Most women aspire to have beautifully manicured nails, whether painted or clear lacquered. Sadly for a number of women and men nail problems are an intensely embarrassing ailment they would rather keep out of plain view.
How can illness show up in your nails?
Nail abnormalities can manifest themselves in many ways and they can be an indicator of more serious illnesses. Mere fungal infections of the nail can be dealt with by a GP who can administer oral antibiotics and antifungal creams to the affected areas. Signs of infection can initially show up as discolouration and your nails, depending upon the condition, can range from white, yellow, black or green in colour. Nails can be pitted, crumbling, thickened, distorted and even spoon shaped. Whilst most fungal infections develop from a lack of air to the feet other nail conditions can develop from a trauma to the nail, nail bed or a background illness. As an example, iron deficiency in women can result in spoon shaped nails.
What are common causes of nail injury?
Crush injuries to the nail or the base of the nail can in some instances result in permanent damage or deformity. Initially resulting in bruising, the nail can detach and it often takes a full year for a nail to grow back to its original position before the injury.
Beau’s lines are indentations across the nail and these can be the harmless result of an injury or they can signify malnutrition as well as appearing after illness.
Koilonychia results in ridges along the nail and it is often curved and abnormally thin. This condition comes from iron deficiency.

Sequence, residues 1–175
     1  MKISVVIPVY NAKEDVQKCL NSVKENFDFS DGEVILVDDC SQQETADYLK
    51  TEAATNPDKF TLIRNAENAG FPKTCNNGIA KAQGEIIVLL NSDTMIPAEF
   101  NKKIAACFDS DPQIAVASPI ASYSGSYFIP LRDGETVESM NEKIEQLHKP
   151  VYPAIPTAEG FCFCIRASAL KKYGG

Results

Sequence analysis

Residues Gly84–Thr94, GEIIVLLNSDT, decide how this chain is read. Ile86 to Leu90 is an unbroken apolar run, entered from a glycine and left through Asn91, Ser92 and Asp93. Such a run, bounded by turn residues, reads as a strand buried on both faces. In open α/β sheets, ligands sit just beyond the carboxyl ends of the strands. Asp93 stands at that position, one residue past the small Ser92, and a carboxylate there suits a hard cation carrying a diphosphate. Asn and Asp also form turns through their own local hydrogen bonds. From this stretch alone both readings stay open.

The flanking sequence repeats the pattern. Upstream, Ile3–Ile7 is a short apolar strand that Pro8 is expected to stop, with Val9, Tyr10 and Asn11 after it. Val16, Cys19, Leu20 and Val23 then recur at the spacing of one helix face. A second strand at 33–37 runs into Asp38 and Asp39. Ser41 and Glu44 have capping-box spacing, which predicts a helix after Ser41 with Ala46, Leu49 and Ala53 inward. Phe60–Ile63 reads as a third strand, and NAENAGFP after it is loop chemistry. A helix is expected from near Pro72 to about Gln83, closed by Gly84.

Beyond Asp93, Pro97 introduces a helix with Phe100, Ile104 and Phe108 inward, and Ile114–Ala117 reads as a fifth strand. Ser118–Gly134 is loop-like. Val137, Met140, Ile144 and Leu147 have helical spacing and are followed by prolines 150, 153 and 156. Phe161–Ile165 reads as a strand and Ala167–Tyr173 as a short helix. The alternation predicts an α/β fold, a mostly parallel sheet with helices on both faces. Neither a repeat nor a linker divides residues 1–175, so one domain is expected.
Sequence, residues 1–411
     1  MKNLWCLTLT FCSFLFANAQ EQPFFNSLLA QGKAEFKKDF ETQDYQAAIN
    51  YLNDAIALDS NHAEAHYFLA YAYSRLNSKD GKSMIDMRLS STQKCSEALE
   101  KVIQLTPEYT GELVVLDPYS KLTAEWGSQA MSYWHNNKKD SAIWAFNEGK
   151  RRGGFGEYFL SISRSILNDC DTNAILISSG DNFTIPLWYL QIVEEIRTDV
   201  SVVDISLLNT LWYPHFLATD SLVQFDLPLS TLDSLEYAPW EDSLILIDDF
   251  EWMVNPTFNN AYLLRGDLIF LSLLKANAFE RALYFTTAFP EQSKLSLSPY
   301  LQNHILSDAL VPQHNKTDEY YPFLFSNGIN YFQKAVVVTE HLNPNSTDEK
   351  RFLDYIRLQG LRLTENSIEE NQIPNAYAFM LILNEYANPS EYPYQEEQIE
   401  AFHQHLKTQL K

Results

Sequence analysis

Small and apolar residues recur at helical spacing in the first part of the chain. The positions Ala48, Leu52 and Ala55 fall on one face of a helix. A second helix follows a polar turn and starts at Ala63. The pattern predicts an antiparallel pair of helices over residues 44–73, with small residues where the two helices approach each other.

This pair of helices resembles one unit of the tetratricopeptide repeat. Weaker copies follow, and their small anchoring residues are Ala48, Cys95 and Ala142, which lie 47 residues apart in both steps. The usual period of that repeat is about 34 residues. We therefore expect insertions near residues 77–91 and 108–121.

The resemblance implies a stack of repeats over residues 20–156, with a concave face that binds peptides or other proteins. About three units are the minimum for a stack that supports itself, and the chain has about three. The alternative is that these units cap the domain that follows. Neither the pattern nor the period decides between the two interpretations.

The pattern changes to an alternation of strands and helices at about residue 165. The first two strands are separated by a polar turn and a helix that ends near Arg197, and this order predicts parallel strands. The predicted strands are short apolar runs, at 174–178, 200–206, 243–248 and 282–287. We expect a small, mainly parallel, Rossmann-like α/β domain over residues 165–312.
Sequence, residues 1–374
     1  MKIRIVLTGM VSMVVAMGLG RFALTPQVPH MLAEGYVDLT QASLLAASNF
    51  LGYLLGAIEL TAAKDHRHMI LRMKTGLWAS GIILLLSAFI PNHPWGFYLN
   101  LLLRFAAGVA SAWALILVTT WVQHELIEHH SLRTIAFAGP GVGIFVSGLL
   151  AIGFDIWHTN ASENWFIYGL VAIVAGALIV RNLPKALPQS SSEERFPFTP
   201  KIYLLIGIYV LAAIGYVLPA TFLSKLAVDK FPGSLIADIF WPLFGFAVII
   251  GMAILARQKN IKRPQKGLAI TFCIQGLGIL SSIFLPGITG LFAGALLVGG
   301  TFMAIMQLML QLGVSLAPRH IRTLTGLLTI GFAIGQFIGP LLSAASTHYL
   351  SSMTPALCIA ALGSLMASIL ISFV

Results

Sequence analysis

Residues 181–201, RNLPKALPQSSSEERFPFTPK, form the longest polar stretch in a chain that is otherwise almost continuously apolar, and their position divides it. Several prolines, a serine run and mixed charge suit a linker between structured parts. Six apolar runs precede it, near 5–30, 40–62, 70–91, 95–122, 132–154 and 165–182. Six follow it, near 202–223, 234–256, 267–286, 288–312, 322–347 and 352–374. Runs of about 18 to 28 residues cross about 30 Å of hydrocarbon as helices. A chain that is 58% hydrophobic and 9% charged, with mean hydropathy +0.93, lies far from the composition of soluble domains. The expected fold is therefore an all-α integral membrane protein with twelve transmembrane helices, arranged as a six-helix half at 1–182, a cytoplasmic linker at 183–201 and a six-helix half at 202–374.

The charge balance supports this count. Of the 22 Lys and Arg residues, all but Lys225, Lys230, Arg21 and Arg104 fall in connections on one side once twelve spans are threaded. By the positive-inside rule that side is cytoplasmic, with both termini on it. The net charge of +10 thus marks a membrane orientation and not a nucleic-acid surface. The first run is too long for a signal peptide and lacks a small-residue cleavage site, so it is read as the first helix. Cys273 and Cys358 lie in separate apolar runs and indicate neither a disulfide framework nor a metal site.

Brittle nails are common as people age but like the other nail diseases they can mask more serious disease.
Aside from fungal infections, viral and bacterial infections can also damage hand and toe nails. Hand eczema or psoriasis can result in chronic scratching or picking and this in turn creates an effect akin to a ‘washboard nail’. Long term exposure to water or nail products can also create this effect and cause nails to become brittle. Heart conditions can result in red streaking along the nail bed which is a marker for haemorrhaging. Other diseases that are shown through nail problems include kidney, liver, hyperthyroidism and skin cancer.
Should any of the above indicators manifest themselves it is prudent to contact a doctor as it will not only result in healthier nails but it could also potentially save your life.
Jonathan Fox writes guest articles for http://www.tiffanynailsupply.co.uk/ and covers topics on nail care products.